Special Broadcasting Service
As community-driven stations began to gain audiences in Australia, the newly elected Whitlam Labor government was also encouraging the ABC to establish public access stations. This brought about the opening in 1975 of the youth-oriented 2JJ in Sydney and the non-English speaking community-oriented 3ZZ in Melbourne.
With the government passing a series of major social policy changes, the Minister for Immigration Al Grassby was concerned that many newer immigrants would not have the language skills to understand the changes. He pressed the government into commissioning the ABC to create stations 2EA (Sydney) and 3EA (Melbourne) to broadcast information about the new Medibank universal health care system.
The stations started broadcasting in seven languages in June 1975. Initially they had a 12-week trial period but because of strong community demand, this was continued through a series of six-month extensions.
The Whitlam government was dismissed in November 1975 and the new coalition government under Malcolm Fraser was elected the following month. The Fraser government formed the Consultative Committee on Ethnic Broadcasting (CCEB) in May 1976 and the popularity of the two EA stations and 3ZZ greatly influenced its report.
The government, on the recommendation of the CCEB, offered the EA stations to the ABC but the corporation was reluctant to take control of them. So, in November 1977, SBS was created by an amendment to the Broadcasting and Television Act 1942 to manage the government’s ethnic broadcasting projects.
Between 1945 and 1975, Australia’s population almost doubled due to the government’s post-war immigration drive. By the 1960s, many new immigrants from non-English speaking backgrounds were asking for more access to broadcasting. A number of community-run radio stations were established in the early 1970s.
The popularity of these and the government-sponsored 2EA and 3EA non-English speaking stations encouraged the government in 1978 to establish the Special Broadcasting Service (SBS) to manage multicultural radio services. This led to the start of SBS Television in 1980.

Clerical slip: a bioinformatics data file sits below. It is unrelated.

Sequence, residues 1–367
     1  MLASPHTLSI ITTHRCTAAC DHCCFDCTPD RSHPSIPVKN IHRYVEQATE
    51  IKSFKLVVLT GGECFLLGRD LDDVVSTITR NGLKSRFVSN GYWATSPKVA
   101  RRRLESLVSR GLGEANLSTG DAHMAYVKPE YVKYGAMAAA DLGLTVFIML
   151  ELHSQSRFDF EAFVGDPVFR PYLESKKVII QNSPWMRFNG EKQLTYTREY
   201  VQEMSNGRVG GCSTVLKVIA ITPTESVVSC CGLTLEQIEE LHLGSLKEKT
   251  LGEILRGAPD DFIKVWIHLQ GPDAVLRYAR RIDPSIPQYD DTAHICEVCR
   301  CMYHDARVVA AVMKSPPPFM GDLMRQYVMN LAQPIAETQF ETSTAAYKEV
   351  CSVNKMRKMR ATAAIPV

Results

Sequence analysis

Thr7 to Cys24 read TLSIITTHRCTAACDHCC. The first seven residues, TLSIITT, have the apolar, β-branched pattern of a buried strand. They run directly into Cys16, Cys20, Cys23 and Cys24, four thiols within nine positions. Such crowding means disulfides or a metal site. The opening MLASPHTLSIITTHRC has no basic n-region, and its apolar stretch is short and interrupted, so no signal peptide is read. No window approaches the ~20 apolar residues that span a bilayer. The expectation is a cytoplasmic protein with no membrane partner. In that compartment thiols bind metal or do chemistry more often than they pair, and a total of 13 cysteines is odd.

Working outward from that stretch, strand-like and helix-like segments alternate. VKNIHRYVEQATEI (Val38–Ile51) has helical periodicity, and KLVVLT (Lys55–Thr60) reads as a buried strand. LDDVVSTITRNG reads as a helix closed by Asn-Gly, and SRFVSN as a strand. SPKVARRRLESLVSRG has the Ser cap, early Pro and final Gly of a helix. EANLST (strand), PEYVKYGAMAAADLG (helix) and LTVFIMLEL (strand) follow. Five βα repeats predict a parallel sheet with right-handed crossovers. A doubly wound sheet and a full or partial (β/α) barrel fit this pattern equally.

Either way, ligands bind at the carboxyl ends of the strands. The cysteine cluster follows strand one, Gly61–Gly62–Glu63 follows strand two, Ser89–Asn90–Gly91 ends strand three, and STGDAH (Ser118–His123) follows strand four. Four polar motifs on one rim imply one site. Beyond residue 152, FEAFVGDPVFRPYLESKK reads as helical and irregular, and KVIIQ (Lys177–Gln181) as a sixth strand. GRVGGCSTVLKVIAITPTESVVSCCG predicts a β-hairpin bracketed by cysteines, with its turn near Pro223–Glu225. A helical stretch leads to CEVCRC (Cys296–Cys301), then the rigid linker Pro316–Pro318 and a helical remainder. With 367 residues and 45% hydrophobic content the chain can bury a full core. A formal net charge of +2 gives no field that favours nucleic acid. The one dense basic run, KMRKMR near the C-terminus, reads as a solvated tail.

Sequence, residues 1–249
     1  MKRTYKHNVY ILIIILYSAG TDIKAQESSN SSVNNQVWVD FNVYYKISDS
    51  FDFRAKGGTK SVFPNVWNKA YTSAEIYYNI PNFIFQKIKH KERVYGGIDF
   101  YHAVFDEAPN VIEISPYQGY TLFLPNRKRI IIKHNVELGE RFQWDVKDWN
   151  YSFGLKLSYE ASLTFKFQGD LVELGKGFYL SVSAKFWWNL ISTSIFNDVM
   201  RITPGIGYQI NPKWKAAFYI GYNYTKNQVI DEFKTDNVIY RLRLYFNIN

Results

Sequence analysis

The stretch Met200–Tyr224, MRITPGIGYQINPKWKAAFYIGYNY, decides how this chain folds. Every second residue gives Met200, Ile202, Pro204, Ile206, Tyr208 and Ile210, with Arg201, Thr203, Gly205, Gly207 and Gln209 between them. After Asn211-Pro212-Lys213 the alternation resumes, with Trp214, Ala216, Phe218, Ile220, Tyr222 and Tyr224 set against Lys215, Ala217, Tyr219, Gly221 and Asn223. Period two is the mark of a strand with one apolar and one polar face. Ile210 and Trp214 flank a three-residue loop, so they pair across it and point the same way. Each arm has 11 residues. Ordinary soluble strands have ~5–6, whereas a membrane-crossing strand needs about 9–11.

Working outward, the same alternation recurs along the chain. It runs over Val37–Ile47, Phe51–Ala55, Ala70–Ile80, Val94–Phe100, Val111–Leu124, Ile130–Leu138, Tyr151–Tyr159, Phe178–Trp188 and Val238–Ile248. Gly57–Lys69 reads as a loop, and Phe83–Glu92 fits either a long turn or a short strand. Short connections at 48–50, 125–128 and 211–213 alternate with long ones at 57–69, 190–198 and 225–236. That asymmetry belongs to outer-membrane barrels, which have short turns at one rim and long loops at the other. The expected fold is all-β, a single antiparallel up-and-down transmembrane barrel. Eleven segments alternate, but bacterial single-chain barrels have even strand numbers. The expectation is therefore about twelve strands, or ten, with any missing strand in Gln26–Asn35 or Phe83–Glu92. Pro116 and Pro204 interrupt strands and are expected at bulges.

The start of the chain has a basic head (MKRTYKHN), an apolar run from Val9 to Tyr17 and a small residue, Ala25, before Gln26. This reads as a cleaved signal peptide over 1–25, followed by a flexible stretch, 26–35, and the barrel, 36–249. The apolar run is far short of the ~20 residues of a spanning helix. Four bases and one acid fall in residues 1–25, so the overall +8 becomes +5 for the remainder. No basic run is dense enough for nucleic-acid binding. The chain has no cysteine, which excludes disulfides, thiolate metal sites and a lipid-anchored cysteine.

Al Grassby, Minister for Immigration, 1973:
How often do our television screens reflect anything like the variety of migrant groups encountered in a real-life stroll through out city streets, or particularly, near city suburbs?
After the Second World War, Australia embarked on one of the largest immigration programs ever undertaken in the world. The country’s population doubled to almost 14 million between 1945 and 1975 and for the first time the government sponsored immigrants from non-Anglo backgrounds.
By the 1960s, many of these non-English speaking communities were appealing for more access to the radio airwaves. In 1964, the Australian Broadcasting Control Board (ABCB) approved that up to 10 per cent of radio broadcasting could be in non-English languages. Commercial stations took advantage of this to sell airtime to the larger ethnic communities, specifically Greek and Italian.
However, as the 1960s progressed commercial radio saw more financial advantage in producing advertisement-heavy American-style programming, and the ethnic sector lost much of its air time.
In 1972, the ABCB held an inquiry into the introduction of FM radio bands, and almost as an aside the review recommended the introduction of public access broadcasting.
Public broadcasting differed from the government-sponsored ABC and the commercial stations in that it involved communities in its management and programming. The community in these cases were not only ethnic groups but Aboriginal, religious or educational associations. By 1975 there were a dozen public stations broadcasting in Australia.
In March 1979, the federal government established the Ethnic Television Review Panel (ETRP). The ETRP took up one of the recommendations expressed in the influential 1978 Review of the Post-Arrival Programs and Services for Migrants (the Galbally Report), which stressed that Australia should work towards becoming a multicultural society.
The ETRP endorsed a permanent television service to promote multiculturalism through entertainment rather than just education. The ABC was invited to tender for the service, but its pitch was deemed too expensive and not sufficiently focused on the multicultural objectives of the project.
As a result, the government decided to establish an independent multicultural television body. On 24 October 1980, Channel 0/28, later known as SBS TV, began broadcasting in Sydney and Melbourne.
By 1985, the new multicultural television station was serving all Australia’s capital cities, allowing many Australian households to watch programs in non-English languages for the first time. It was a development that brought home Australia’s rapid journey to multiculturalism over the previous 40 years.
The Special Broadcasting Service is the most diverse broadcaster in the world, presenting programs in 70 languages on radio and more than 60 on television and online. According to a 2009 Newspoll, about six million Australians watch SBS each week.
Of these, 91 per cent believe it is important that SBS be available to provide an alternative to commercial television and 90 per cent agreed that SBS (TV, radio and online) plays an important role in Australia’s culturally diverse society.
From our collection
Ien Ang, Gay Hawkins, Lamia Dabboussy, The SBS Story, The Challenge of Diversity, UNSW Press, 2008
George Zangalis, 3ZZ to 3ZZZ, A History of Ethnic Broadcasting in Australia, Ethnic Public Broadcasting Association of Victoria, 2001